Lead Awareness and Work Practices
If employees are working with solid lead, use of gloves and apron is recommended. All waste should be considered hazardous waste.
If employees are involved in the abatement of lead-based paint, they must be formally trained, then certified by IDEM (Indiana Department of Environmental Management). Personal Protective equipment required includes respirators, and the employee must be enrolled in the Respiratory Protection Program. Special procedures to protect the environment must be used.
OSHA 29 CFR 1910.1025, including Appendices A, B, C, D: Lead in General Industry
OSHA 29 CFR 1926.62: Lead in Construction Industries
Keys to Compliance for Supervisors
- Only employees who are trained and certified are permitted to remove lead paint from University properties; the Physical Plant’s Abatement Group does this work.
- EHS’ Industrial Hygienists can test materials for the presence of lead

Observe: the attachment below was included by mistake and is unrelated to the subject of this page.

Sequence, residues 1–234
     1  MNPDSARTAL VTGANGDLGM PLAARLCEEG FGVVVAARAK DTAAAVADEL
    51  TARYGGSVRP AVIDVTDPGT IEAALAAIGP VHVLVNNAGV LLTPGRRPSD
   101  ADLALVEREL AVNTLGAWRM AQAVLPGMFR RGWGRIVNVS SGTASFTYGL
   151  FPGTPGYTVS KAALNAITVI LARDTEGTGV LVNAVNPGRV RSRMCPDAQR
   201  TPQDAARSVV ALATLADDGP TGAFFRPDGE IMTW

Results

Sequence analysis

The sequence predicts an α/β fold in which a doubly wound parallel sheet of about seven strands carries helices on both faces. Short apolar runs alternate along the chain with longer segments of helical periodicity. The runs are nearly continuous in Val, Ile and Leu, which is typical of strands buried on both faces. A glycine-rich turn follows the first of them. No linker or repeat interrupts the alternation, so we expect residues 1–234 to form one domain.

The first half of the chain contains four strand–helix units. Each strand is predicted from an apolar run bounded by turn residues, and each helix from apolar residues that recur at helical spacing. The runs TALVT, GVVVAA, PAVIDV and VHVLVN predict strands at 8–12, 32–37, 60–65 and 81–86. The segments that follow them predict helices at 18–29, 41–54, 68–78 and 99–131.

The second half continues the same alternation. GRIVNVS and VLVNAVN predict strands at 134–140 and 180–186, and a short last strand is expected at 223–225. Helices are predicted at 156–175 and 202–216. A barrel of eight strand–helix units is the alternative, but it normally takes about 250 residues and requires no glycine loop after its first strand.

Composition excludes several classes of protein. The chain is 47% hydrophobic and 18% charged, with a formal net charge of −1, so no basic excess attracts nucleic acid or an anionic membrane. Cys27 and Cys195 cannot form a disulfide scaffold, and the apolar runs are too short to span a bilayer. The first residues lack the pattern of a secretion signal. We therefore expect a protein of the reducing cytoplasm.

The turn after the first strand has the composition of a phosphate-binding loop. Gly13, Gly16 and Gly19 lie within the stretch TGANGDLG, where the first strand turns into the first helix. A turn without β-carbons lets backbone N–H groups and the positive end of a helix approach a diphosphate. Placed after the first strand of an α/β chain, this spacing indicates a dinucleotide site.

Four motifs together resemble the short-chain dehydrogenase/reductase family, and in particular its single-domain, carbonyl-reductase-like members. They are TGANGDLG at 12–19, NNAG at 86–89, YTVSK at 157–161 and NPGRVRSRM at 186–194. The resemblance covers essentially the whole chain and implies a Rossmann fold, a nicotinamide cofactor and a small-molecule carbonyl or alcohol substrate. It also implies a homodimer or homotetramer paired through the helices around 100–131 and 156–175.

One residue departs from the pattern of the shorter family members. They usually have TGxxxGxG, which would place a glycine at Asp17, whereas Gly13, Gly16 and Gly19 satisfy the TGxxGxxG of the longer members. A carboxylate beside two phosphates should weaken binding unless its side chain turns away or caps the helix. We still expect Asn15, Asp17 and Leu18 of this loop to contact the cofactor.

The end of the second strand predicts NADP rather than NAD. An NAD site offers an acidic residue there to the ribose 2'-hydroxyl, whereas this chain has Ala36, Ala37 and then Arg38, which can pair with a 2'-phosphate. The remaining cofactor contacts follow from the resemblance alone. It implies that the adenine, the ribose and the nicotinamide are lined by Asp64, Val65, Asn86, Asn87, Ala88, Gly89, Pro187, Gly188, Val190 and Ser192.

- In order to ensure that lead dust is not carried outside the work environment, employees working with lead bricks or other solid lead material must be provided gloves and aprons or coveralls. These should be left at the work place, and ultimately disposed of as lead waste.
Frequently Asked Questions
Q. How do I know if a material or surface contains lead?
A. The material must be tested. EHS can do this testing.
Q. How does solid lead pose a health hazard?
A. Lead is an extremely soft metal, and handling it can generate lead dust, which can be inhaled or ingested.
Links to written programs, further information